Seizures – an introduction

16 Seizures – an introduction

Seizures originate from the brain. They are the physical manifestation of abnormal synchronous electrical discharge in the brain. The brain can be stimulated to do so by intracranial or extracranial causes. The chief purpose of clinical examination and laboratory tests is to differentiate the two.


3. Ictus/fit/seizure: Commonly identified by a lack of consciousness/responsiveness and rhythmic involuntary motor activity lasting seconds to minutes. Variations exist. The point of describing or classifying a seizure is that different types may respond better to certain anticonvulsants and some seizures occur more often in specific diseases. A convulsion is a series of involuntary contractions of skeletal muscles. The term is commonly used as a synonym for seizure.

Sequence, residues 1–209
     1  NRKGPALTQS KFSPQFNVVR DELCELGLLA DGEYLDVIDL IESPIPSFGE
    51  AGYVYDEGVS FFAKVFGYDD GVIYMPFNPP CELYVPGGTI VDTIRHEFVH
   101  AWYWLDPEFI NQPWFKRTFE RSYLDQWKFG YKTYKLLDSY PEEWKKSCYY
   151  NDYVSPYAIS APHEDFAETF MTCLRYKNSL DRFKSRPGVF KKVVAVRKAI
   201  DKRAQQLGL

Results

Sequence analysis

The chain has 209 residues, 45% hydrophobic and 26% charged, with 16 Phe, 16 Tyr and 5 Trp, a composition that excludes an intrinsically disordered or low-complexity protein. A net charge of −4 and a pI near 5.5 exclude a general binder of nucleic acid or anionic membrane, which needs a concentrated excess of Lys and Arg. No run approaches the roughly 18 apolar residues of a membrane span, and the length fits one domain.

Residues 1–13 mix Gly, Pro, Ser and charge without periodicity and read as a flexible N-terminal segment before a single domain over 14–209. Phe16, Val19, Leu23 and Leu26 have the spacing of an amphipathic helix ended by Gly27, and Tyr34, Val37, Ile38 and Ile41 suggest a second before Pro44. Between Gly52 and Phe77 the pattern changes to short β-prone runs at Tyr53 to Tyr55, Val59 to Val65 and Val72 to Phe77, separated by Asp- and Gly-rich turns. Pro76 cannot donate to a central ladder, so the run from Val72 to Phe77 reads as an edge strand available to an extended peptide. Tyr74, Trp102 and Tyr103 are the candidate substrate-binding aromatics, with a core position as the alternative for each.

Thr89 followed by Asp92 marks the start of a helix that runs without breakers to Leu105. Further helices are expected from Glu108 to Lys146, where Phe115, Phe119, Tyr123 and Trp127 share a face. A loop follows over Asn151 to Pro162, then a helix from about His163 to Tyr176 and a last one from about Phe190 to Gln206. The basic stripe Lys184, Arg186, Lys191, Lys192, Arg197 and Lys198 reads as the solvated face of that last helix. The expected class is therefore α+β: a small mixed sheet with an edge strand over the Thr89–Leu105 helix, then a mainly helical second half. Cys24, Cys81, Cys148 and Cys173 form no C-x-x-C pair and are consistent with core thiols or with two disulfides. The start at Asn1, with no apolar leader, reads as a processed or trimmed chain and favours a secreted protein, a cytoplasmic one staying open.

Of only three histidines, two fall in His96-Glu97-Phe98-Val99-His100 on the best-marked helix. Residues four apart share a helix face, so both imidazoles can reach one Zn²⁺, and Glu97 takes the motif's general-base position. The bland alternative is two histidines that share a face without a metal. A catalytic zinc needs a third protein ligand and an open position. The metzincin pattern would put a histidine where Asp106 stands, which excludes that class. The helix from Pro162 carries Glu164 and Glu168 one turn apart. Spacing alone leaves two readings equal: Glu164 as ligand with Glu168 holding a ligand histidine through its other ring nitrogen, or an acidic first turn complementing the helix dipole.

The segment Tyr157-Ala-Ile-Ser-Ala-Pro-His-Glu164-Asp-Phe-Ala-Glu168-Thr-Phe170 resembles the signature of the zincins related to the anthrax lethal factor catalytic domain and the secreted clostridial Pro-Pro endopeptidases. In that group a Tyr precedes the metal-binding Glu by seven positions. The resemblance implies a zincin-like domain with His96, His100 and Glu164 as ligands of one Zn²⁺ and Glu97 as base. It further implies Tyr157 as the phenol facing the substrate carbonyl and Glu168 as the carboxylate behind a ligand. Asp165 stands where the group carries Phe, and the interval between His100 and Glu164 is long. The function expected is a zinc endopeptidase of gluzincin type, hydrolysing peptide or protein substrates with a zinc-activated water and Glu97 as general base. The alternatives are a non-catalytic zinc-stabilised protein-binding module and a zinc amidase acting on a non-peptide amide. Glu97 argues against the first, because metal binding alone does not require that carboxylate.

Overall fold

a. Generalized seizure: lack of consciousness/responsiveness, involuntary motor activity of the whole body, autonomic signs (salivation, urination and defecation). Described as:

Generalized tonic-clonic seizures were regarded as the most common seizure type but a recent study found 65% of dogs had partial seizures. The difference in opinion is due to recognizing that the commencement of a generalized seizure may have a partial onset, and classifying it as such. Partial seizures may be missed in cats as the motor/behaviour signs can be subtle: sitting, staring, growling, salivating or facial twitching.

A bystander can assess the animal’s mental responsiveness to stimuli but not the level of awareness. This makes it difficult to classify some stereotypic activities as seizures or psychological disturbances. If an animal will not respond to being called or stroked because it is fearful, painful, or struggling to maintain balance, the event may be mistaken for seizure activity and treated inappropriately.

Sep 3, 2016 | Posted by in SMALL ANIMAL | Comments Off on Seizures – an introduction

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